All the best, let me know how it goes.
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Author Comment

by:MikeTa
ID: 36957667
the unicode and non-unicode database are identical with the only diffrence tha on has the N.. and the other hasn't.  

I can easily create a new empty non-unicode  database just by installing the ERP program. They have the same collation.

The problem now is to transfer all the data from the unicode one into the non-unicode one and to populate all ~500 tables properly.  Something similar to restoring from a backup....
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Expert Comment

by:lcohan
ID: 36957817
If you restore from backups taken against UNICODE DB then the data type will be UNICODE and you don't want that.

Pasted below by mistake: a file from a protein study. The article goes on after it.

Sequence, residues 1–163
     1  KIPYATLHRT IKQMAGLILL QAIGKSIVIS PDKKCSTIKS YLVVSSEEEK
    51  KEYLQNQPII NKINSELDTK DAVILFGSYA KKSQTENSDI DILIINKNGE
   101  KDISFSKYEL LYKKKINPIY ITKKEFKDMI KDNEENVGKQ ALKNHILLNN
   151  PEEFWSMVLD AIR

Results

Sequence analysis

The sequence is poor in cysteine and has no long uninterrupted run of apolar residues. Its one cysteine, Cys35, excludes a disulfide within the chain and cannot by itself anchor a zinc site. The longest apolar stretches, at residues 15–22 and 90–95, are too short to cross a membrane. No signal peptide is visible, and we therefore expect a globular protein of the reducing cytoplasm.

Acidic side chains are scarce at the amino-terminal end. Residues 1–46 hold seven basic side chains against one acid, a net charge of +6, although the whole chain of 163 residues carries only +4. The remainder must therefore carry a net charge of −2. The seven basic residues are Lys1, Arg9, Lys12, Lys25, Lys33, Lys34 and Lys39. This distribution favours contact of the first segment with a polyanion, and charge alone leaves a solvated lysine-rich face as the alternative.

If you have an empty database NON-UNICODE then I suggest you try a EXPORT from the UNICODE to NON-UNICODE by using the SQL Wizard for all the tables and if you are lucky (only non-unicode data exists in your source tables) then it may work - just right click the DB name in SSMS and select Tasks then Export Data.

Caution to not perform this action during production as the data transfer may (severely) impact performance on that server (especialy if bothe db's are on the same SQL)
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Author Comment

by:MikeTa
ID: 36957959
I will try this tomorow in a test environment and let you know.  
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Expert Comment

by:Chris M
ID: 36961036
Mike, please understand the challenge you have: moving data across databases with different collations.
Like I stated earlier, you will have to export the data from the old DB and import it into the new DB using any of the tools I listed by choosing what you prefer to use.